I had a dream the other night that I would call my typical anxiety dream. Mankato had built a huge river walk downtown, three layers of wide concrete walkways with ramps and steps. There were lots of stands selling food and drink and souvenir t-shirts. My friend, Joanne, was with me and inexplicably, we were driving a bulldozer. Like Thelma and Louise. Sometimes we had trouble locating a ramp when we needed one so we would announce ourselves, people would scatter, and we'd drive the bulldozer down the steps.

We didn't drive off the top level into the river but we sure made a hell of a mess.


Not much new to report on Mom. We're anxiously watching news of the Covid-19 virus and hoping it won't prevent her surgery. Today, there are 4 cases in the county where her hospital is located.

Here's how serious it is in Minnesota. The St. Patrick's Day parade was cancelled and the Irish pub, Patrick's has to close at 5pm, at the governor's direction. Someone posted a meme on Facebook that said obviously Governor Walz has not heard of day drinking. Just a little pandemic humor.

Thursday, March 12, 2020

Shirley Update

Mom's been a traveler this week. She went to Sioux Falls on Monday to see the surgeon, then went back on Tuesday to be cleared by the cardiac folks. All good.

This morning, the surgeon's office called and scheduled her surgery for Thursday, March 26. I'll go out to Canby on the 24th because we have to go to the hospital on the 25th so she can have a magseed placed. That's a new one.

Here's what a magseed is:The Magseed marker is a small radiation-free seed that is easily placed by the radiologist in soft tissue with no restrictions on implantation time. On the day of surgery, the patient can go directly to the operating room, without delaying the start of the procedure. The surgeon then uses the Sentimag platform to confidently localize the Magseed marker.

And here's what it looks like.



Looks huge in the first picture but it's actually very tiny.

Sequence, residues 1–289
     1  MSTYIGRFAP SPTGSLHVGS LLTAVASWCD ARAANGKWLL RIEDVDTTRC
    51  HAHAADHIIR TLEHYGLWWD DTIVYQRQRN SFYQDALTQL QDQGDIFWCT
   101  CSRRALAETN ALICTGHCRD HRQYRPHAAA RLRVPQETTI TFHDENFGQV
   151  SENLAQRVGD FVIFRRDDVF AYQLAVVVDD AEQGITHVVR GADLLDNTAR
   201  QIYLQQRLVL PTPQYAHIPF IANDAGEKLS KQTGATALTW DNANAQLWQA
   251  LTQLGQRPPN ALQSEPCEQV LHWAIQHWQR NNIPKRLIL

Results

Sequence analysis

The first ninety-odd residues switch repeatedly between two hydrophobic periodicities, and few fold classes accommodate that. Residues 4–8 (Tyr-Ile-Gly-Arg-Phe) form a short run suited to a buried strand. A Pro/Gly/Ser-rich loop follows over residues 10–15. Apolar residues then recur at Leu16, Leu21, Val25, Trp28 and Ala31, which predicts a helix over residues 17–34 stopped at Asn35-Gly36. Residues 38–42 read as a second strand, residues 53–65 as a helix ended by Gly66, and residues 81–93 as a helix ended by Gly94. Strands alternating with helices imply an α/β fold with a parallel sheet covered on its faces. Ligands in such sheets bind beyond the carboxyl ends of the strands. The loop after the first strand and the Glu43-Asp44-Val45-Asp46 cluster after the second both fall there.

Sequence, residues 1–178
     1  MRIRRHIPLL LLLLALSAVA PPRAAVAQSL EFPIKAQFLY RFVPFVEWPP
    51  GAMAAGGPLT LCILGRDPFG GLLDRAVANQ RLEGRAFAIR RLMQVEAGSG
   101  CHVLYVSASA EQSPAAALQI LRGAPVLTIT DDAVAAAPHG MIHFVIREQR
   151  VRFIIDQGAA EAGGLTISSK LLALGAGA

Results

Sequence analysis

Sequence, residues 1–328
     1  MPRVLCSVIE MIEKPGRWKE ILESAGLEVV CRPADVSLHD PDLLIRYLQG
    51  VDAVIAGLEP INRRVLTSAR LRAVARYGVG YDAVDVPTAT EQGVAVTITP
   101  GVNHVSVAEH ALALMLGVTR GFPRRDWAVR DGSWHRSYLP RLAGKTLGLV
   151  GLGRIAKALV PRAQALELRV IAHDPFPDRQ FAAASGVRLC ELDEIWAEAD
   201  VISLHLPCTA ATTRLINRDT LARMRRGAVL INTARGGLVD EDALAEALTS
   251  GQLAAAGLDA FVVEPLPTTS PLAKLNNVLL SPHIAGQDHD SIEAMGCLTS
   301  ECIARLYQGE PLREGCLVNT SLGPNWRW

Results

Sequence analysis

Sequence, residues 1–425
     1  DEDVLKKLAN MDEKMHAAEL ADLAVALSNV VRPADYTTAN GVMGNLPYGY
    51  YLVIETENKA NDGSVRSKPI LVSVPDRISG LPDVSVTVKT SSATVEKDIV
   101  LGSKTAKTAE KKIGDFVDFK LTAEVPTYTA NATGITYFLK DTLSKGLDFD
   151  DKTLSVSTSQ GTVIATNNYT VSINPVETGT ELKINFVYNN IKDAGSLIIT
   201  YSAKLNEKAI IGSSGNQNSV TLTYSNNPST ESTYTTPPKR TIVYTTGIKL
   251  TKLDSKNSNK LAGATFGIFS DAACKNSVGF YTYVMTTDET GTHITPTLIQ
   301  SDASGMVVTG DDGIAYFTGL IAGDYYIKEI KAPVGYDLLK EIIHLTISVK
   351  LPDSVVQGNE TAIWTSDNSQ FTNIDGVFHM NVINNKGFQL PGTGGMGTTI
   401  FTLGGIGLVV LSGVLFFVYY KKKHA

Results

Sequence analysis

Monday, March 09, 2020

Optimism

I think it's in her DNA to be optimistic and to have a cheerful outlook. When times are tough, Mom always says, "This too shall pass," and says she remembers her own mother repeating that proverb when the struggle was real. Here you go, Mom.






If you're curious about the origins of this proverb, here's what Wikipedia has to say on the subject.
 
Cousin Deb and Larry drove out to Canby yesterday to take Mom to her surgery consult today in Sioux Falls. My brother, Pat, will meet them to be another set of ears and to ask questions. No doubt this will involve lunch at some fine dining establishment. Never miss an opportunity for a good meal, I always say. One of them will call me this evening to give me the low-down and I will pass it on via this blog asap. I only slept for three hours last night (full moon, time change, dog on the bed) so I can't say exactly when that will be.

 In my research, I found a lot of people have an equally optimistic outlook but with a little side of dark humor.


 Have a safe and uneventful trip today! Wish I could join you for lunch!


 

Thursday, March 05, 2020

Shirley's Adventures


Ten days ago, Mom sent an email to us letting us know she had found a lump in her breast. Her local doctor thought it was suspicious and referred her to the Edith Sanford Breast Center in Sioux Falls. Her first appointment was at 10:30 on Monday, March 2nd.

I drove to Canby last Sunday and we went to Sioux Falls the next morning. Not only did they get her in a little early, but by 12:30 she'd had a mammogram, an ultrasound, and a biopsy. They were reasonably certain with those tests that it was some kind of cancer and they didn't see any evidence of lymph involvement which would be very good news. The tumor is 1.2 centimeters (less than half an inch), but it will need to be removed surgically. 

Mom reacted as I thought she would. She shrugged and said, "What are you going to do?", it's just something to deal with and she had all the nurses and doctors laughing. She told them we were going out for lunch and wondered if she could have a glass of wine. When they said yes, she wondered if she could have two.

After a most delicious lunch at Grill 26 (Minerva's), we drove back to Canby to wait for a call about the pathology. Not too many details yet, but it's invasive lobular carcinoma. You can read more about it here if you like medical information: Invasive Lobular Carcinoma

The next day, the surgery center called to schedule Mom for a consult with a breast cancer surgeon. She will likely get more details then, like the staging and recommendations for treatment.Mom's appointment is Monday, March 9th. Cousin Deb and Larry are coming out to Canby from Minneapolis to take Mom to this appointment. I'll update here as more news becomes available.

To the right, you can put in your email address 
and you'll be notified when there is a new update.







Wednesday, March 04, 2020

Update

I'm too tired to put together a reasonable chronology of the last few days. Tomorrow, I promise.